Escape Velocity

A curated Collection of Fantasy and Science Fiction Media

Ye Wenjie sees her father murdered as part of China’s cultural revolution. That event will continue to hang over the rest of her career and will influence her actions as an astrophysicist in the Red Coast Observatory. When Wang Miao is recruited into the Beijing police’s investigation of a secretive society of scientists connected to a series of unexplained suicides, he did not expect to get drawn into the organisation itself. He takes up a mysterious video game, Three Body, and finds that it is the first step on a road that will take him some place he had never imagined…

The Three Body Problem

Listened to the audiobook with Bruno Roubicek (fine narrator, no particular opinion on him). I picked up this book due to the Hugo win and went into it with high hopes. I was really fascinated by the first chapters that took place during the Cultural Revolution, and expected  perhaps a bit of an alternate history telling of the rise of China. I was wrong. 

Perhaps there is a disconnect between Western and Eastern storytelling styles, or there is a lot lost in translation here, but to me this book felt highly original in concept but very primitive in execution. All development and exploration of characters and all technique of storytelling are sacrificed in favour of advancing the plot and science fiction concepts. Scenes which could be exciting are either narrated  in retrospect or experienced by characters from a distance. Often reveals are forced onto the characters as opposed to truly discovered. There are a lot of interesting concepts in the book, and it is full of conversation starters. It is not a bad work of fiction, but apart from the earlier chapters taking place during the cultural revolution and the chapters inside the Three Body video game, I just didn’t enjoy reading it from page to page.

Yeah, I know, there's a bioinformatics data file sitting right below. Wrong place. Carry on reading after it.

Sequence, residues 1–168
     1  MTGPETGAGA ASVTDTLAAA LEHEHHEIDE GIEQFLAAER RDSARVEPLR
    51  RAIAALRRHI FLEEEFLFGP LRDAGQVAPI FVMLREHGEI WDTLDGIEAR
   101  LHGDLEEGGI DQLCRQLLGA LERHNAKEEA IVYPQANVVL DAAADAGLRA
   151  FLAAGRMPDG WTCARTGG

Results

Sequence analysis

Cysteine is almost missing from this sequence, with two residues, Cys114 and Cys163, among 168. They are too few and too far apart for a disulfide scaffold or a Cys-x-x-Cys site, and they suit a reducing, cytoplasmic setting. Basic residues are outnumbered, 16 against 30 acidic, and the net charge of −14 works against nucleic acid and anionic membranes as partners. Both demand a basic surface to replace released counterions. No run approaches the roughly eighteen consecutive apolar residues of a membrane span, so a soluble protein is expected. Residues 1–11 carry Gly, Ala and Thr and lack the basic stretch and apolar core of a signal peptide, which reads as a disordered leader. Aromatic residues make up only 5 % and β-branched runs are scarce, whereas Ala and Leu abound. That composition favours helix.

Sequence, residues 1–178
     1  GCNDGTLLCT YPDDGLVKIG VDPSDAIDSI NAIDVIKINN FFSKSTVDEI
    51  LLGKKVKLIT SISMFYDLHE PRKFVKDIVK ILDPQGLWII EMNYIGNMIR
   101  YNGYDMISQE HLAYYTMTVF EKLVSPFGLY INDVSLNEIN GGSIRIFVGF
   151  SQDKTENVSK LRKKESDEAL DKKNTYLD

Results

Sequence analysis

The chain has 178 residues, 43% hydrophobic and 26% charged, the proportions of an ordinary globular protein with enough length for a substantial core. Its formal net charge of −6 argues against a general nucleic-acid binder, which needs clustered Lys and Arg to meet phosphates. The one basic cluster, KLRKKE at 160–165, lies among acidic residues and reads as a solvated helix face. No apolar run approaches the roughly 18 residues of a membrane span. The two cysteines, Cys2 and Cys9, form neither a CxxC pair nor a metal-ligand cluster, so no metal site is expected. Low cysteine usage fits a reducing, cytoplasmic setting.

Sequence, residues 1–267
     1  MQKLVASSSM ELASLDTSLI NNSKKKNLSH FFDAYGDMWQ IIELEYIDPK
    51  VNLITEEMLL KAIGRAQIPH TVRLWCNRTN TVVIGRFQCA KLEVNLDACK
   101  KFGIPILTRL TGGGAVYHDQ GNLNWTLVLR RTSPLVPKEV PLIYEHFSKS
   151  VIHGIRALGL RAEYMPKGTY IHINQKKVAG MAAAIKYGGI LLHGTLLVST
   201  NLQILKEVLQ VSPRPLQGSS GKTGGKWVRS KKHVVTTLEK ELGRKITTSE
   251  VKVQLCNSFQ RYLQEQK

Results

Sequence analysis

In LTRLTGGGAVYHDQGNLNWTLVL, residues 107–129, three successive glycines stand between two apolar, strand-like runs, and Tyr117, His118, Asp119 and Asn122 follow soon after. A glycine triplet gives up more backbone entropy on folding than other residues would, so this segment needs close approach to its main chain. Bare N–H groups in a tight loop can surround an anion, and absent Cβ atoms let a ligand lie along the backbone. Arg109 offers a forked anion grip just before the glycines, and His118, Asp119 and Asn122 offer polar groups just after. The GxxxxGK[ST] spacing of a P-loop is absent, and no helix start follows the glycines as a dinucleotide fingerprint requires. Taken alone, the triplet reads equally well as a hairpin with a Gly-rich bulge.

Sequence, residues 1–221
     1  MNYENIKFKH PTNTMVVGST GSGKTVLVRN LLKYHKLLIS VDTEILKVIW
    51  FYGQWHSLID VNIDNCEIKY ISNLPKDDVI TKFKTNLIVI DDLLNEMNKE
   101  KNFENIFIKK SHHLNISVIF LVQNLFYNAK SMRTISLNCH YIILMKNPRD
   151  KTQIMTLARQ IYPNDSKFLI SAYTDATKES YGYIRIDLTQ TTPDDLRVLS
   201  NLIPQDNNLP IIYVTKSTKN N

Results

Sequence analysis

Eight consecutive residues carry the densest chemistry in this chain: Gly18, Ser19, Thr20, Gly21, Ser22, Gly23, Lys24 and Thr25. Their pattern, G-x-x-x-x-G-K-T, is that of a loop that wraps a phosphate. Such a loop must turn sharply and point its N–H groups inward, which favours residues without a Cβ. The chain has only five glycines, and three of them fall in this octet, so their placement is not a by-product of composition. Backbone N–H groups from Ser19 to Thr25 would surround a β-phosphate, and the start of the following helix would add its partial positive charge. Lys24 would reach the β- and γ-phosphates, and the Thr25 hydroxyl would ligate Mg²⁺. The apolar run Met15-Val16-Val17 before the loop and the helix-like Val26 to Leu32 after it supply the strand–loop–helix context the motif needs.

To me, the book is reminiscent of some of Asimov’s earlier work, like the first Foundation book, and can even be compared in its focus on wowing the reader with complex science to Herbert’s Destination: Void. I would not generally recommend it, but I can imagine it will please some of the hard-core sci-fi nerds out there that don’t read books for the characters but rather for the cool concepts.

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